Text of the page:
The database can be searched through basic search and advanced search. In basic genome search, nucleotide sequences are retrieved based on countries whereas in basic protein search, the selection is based on viral proteins and serotypes. Advanced genome search enables the user to search country-wise and serotype-wise. Similarly, advanced protein search provides results on the basis of viral proteins, serotypes and countries. In addition to this, the data can be accessed through the DENVirDB accession number. It also has sequence retrival option to view only the sequences in FASTA format.
The homepage of the database contains a few tools for sequence analysis such as FindCodon, complementary strand prediction, base composition and translation tool. In FindCodon tool, the main window consists of two text areas to obtain the nucleotide sequence and the codon for which the search is to be made. The nucleotide sequence has to be given in the text areas in complementary strand prediction and GC% prediction tool. Translation tool convert the given nucleotide sequences to mRNA sequence and then to protein sequence.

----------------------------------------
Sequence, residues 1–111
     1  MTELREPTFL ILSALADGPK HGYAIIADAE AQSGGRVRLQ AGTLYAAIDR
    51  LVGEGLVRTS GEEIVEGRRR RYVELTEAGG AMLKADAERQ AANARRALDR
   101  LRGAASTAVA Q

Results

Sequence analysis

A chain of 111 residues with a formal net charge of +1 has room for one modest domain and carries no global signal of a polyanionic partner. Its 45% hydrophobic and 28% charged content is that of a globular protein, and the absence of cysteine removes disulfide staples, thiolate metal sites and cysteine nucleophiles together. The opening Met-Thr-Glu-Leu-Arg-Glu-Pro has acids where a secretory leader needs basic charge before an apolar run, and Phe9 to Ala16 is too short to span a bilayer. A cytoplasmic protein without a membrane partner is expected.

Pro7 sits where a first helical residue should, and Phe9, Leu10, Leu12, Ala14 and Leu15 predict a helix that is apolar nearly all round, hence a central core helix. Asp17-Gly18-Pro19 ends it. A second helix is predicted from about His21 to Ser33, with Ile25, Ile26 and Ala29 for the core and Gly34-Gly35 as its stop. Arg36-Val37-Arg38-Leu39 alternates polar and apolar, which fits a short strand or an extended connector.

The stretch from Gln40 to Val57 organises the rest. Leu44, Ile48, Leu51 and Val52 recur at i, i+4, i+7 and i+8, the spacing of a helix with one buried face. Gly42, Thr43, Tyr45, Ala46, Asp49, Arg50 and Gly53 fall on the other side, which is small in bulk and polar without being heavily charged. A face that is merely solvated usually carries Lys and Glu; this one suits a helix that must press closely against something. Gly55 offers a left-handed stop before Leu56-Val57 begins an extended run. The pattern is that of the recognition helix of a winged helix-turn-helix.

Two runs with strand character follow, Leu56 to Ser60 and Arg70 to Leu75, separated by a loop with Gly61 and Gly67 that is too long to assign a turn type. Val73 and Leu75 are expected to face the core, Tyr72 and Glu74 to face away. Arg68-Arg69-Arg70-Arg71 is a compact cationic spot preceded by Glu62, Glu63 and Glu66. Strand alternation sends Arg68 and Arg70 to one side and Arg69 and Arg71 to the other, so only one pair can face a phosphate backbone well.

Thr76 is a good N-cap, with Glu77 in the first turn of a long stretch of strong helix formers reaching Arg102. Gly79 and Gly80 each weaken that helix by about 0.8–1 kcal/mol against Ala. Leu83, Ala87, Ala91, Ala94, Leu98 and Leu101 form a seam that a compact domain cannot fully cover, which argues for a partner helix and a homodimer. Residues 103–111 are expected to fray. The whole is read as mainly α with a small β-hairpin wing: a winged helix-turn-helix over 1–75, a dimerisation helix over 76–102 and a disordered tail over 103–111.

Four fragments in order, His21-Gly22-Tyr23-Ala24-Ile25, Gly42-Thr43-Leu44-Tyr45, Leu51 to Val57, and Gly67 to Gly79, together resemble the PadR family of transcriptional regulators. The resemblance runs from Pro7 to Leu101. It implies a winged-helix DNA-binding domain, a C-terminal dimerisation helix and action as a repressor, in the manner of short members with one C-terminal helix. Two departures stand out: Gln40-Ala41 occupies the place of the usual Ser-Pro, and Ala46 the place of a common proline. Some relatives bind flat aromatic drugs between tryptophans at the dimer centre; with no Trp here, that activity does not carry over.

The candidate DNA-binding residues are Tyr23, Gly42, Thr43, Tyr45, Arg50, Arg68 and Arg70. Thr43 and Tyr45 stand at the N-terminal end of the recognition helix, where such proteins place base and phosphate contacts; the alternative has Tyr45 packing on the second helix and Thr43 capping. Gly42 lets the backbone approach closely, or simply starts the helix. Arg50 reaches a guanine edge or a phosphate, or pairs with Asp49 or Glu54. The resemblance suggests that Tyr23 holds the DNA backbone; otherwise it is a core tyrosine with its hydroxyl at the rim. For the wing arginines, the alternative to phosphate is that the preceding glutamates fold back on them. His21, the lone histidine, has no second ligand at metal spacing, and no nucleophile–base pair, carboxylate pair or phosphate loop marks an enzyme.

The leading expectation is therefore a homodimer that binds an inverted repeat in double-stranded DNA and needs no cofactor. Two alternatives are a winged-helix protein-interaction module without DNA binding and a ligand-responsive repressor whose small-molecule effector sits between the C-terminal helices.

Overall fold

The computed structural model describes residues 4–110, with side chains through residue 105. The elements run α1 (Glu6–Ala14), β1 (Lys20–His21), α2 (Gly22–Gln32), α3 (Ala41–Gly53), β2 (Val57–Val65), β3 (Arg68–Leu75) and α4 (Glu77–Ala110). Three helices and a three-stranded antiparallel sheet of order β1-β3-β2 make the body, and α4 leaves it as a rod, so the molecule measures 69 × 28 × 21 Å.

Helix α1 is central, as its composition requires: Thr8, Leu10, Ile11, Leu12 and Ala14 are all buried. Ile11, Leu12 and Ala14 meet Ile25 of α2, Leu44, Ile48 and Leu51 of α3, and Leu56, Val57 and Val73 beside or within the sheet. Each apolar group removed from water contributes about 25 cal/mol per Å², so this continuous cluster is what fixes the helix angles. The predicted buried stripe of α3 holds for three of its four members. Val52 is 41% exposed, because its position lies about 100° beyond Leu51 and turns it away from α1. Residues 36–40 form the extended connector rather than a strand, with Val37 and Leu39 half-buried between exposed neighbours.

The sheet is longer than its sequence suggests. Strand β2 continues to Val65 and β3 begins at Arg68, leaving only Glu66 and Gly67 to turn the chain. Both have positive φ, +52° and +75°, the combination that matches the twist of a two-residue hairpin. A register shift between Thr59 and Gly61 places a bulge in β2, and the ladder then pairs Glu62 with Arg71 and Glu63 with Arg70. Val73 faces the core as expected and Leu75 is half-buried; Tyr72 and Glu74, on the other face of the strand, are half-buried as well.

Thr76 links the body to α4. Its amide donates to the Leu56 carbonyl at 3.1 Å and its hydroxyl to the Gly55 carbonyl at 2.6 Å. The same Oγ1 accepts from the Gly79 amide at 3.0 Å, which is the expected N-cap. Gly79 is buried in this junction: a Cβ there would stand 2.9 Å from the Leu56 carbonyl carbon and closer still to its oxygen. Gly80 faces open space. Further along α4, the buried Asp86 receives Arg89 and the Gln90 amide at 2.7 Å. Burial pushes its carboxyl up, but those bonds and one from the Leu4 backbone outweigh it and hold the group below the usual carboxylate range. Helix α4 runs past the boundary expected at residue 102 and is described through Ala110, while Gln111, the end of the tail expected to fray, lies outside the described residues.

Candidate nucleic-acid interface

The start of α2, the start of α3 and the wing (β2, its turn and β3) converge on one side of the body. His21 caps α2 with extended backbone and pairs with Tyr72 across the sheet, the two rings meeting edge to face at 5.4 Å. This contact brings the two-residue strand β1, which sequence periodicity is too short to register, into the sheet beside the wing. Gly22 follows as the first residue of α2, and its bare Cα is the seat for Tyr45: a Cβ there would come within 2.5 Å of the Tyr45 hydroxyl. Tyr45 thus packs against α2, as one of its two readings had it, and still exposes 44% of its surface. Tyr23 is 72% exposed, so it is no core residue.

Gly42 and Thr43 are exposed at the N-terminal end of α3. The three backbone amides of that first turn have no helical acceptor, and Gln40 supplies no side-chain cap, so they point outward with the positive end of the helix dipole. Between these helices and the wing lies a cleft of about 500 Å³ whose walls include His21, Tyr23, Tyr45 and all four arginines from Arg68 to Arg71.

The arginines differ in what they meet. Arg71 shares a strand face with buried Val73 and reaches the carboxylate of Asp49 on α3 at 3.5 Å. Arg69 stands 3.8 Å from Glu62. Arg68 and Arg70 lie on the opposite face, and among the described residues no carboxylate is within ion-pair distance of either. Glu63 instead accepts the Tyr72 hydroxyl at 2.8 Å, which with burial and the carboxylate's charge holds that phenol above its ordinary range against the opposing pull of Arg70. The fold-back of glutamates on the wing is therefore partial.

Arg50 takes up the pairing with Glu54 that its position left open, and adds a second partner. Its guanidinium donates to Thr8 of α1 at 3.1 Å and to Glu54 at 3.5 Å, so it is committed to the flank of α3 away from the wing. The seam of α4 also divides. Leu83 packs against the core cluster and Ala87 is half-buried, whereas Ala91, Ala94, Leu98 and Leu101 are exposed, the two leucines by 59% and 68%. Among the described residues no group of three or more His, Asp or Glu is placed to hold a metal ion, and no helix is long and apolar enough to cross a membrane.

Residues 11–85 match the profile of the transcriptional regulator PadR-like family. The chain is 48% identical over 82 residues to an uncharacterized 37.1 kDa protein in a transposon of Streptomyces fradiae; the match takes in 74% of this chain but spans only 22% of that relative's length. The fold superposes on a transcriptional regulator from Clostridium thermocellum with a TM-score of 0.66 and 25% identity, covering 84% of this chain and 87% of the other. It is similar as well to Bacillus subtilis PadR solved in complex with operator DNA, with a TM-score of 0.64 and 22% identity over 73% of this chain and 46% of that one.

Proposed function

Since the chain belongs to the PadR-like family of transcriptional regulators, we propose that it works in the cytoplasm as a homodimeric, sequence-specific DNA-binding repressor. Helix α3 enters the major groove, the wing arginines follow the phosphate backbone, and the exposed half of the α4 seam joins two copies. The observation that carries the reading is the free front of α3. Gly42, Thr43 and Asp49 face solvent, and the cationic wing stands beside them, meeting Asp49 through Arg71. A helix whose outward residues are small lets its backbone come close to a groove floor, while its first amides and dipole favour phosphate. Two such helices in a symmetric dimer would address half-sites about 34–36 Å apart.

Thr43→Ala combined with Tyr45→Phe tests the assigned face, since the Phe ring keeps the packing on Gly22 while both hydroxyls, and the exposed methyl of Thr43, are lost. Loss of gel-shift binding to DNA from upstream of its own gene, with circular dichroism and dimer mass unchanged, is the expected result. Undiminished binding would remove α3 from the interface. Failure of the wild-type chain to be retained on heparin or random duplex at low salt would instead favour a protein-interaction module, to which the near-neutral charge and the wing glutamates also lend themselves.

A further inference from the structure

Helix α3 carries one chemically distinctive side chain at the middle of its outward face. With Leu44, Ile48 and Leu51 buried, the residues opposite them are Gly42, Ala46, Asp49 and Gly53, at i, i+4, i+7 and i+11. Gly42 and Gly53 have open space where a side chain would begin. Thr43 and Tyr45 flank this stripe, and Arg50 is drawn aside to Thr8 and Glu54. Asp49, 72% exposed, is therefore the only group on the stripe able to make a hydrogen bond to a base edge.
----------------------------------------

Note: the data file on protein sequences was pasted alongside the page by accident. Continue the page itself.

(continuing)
DENVirDB is an exclusive database for dengue virus to provide genome and protein sequences, for easy accessibility of large data in a defined category. It also provides useful resource of information on the molecular and structural properties of different isolates of dengue virus in a single click. The information would also be helpful in understanding the mechanism of viral pathogenesis and the genetic diversity of different serotypes with respect to various geographical isolates. It will be periodically updated with newly deposited sequences. The database will be upgraded by including information on viral-host-vector interaction and structural motifs of viral proteins in future.